Search Results: Dallas Observer (114)

lizard_lounge_roderick_pullumTensions were high in Oak Lawn on Sunday night. Afternoon thunderstorms had left the skies overcast and bleak, and all along the streets and in the doorways of the clubs there was a hard-to-miss police presence.
Only hours before, a shooter had opened fire inside the Pulse nightclub in Orlando, Florida, killing 50 people.

For clubs and concert venues across the country, including here in Dallas, the world suddenly feels different. Oak Lawn, with its high concentration of gay bars, is under particularly close watch. Police had already been on the street Sunday to monitor a neighborhood march commemorating the Pulse victims. But at clubs like J.R.’s — which observed a moment of silence for the Orlando victims on Sunday — the venues took it upon themselves to have extra security, as well, placing an extra guard at the doors.

Jibril Salami“The victim called officers to the scene after he observed the same suspect lying on the ground while masturbating. Officers arrived but were unable to apprehend the suspect after a brief foot chase. On this date the suspect was wearing a grey T-shirt, black pants with a white stripe, and was carrying a black and blue shopping bag. Officers believe he may live in the area of the offense location. The victim advised that he has observed the suspect performing the same lewd acts on several other occasions.”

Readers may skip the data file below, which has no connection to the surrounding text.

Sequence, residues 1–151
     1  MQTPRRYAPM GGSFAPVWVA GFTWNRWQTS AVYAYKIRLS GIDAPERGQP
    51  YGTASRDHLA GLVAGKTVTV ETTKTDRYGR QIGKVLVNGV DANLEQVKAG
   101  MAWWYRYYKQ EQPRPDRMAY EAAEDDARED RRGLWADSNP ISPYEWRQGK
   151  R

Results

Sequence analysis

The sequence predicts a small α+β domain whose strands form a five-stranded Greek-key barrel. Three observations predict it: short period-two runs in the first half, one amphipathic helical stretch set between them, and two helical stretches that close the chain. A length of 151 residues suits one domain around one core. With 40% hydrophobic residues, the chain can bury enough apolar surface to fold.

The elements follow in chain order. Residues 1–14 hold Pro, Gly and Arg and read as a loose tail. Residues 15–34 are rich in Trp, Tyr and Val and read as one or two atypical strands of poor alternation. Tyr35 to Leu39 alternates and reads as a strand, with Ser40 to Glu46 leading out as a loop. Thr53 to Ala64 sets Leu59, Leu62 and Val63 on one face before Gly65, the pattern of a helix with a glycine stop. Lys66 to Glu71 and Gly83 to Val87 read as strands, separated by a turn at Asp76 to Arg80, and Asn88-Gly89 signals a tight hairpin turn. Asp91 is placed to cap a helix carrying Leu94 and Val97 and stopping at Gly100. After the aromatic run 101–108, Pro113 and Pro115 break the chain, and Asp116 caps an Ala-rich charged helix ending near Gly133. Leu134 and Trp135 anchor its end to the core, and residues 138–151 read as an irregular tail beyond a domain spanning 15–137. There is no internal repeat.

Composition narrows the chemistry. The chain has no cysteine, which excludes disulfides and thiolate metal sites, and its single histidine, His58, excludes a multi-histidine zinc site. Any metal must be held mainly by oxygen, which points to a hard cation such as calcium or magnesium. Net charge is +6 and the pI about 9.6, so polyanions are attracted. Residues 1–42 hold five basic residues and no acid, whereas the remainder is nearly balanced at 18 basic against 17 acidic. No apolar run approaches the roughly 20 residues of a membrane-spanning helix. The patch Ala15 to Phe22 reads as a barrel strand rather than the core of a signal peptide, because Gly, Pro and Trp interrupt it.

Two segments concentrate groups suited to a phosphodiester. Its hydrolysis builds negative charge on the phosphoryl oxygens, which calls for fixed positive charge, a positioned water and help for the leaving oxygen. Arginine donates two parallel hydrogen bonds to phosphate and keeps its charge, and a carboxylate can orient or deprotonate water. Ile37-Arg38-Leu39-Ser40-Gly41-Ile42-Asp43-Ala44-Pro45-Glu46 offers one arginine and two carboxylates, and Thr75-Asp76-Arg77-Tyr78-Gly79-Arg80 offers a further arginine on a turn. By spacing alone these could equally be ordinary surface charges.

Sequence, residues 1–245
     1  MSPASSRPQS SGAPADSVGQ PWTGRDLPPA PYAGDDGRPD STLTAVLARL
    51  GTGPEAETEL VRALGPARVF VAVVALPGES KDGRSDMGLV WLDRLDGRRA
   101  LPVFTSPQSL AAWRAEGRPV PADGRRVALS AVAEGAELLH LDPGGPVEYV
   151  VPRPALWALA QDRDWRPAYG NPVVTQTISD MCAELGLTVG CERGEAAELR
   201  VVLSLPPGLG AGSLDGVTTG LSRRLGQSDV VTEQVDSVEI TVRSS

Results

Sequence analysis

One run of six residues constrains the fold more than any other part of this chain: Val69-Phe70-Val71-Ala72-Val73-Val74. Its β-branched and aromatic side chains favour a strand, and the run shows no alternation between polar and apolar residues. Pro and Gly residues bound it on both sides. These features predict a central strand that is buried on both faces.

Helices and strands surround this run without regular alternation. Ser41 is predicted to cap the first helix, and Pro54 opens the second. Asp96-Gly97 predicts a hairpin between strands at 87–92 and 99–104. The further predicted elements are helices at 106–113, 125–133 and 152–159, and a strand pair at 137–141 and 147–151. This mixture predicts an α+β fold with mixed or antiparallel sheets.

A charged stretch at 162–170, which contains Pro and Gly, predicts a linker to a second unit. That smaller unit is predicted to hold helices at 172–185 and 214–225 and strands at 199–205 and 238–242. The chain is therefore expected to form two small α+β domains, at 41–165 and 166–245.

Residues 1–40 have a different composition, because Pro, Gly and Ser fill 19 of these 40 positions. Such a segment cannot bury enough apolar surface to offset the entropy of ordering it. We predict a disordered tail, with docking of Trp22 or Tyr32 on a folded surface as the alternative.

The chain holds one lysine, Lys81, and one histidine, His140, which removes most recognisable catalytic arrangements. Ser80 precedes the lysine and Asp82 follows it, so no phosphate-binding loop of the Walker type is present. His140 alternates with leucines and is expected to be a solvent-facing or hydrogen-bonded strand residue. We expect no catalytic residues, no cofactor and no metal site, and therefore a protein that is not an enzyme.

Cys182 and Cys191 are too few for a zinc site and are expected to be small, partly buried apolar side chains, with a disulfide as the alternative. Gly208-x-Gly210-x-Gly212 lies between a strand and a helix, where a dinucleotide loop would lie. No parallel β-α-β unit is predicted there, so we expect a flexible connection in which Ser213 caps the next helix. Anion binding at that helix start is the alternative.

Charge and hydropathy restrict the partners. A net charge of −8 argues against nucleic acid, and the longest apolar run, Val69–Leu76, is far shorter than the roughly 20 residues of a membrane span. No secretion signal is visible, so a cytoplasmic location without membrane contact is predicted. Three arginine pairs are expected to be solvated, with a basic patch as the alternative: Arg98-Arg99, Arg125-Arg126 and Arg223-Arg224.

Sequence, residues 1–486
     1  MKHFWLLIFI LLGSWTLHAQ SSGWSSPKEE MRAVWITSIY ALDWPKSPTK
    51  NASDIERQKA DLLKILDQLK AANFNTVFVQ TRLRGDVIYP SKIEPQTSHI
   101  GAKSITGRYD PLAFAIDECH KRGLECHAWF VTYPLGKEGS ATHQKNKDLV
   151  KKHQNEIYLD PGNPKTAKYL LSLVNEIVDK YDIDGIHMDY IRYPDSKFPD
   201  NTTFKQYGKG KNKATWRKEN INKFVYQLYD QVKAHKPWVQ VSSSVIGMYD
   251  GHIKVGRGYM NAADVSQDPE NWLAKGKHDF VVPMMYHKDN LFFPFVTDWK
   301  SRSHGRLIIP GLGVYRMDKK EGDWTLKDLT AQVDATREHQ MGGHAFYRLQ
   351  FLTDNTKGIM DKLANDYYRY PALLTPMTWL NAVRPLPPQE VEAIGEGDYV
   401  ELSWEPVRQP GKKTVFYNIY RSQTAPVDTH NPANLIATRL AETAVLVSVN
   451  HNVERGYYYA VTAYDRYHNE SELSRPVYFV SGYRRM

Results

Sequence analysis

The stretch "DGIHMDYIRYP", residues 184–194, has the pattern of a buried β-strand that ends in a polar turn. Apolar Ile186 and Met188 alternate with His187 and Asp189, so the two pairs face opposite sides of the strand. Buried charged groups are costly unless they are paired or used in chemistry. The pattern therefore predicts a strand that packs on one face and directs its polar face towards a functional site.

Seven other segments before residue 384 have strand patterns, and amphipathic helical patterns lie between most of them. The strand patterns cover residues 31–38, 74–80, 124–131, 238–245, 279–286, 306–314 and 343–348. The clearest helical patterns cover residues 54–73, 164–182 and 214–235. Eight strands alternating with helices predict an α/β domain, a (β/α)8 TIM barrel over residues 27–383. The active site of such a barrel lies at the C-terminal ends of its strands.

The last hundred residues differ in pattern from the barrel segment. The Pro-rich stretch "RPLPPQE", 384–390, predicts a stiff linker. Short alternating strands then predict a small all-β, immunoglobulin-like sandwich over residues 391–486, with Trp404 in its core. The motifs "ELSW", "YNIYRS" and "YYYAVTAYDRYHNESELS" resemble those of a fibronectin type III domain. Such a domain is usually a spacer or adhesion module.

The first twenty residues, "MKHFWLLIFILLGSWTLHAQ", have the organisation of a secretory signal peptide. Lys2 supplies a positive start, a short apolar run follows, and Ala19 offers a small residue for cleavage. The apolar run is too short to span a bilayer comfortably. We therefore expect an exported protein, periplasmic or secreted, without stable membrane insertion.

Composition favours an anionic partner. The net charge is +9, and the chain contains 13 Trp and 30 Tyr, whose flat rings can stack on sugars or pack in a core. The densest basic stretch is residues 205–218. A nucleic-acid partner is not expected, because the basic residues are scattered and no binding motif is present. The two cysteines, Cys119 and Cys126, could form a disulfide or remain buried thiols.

Call DPD if you see Mr. Salami. He’s wanted for indecent exposure.

Dallas County

Darryl Davis

Darryl Davis is something of a celebrity in downtown Dallas. He’s been roaming the streets for years, hounding passersby for money with an intensity and tenacity that other neighborhood panhandlers can’t or won’t muster. In the past nine months, he’s been ticketed five times for panhandling, according to municipal court records, despite notoriously lax enforcement of the ordinance by police. Downtown residents unhesitatingly identify him as the most aggressive beggar they come across. So do yellow-jacketed members of the Downtown Safety Patrol, who respond to his picture with a knowing groan and some variation of “I hate that guy!”

It was fitting, then, that Davis was reportedly the first offender nabbed as part of of the Dallas Police Department’s brand-new panhandling crackdown. At 11:27 a.m. on Monday, two-and-a-half hours before DPD officially announced the crackdown at a press conference, Davis was booked into jail on a charge of “solicitation by coercion,” Dallas’ legal term-of-art for panhandling.

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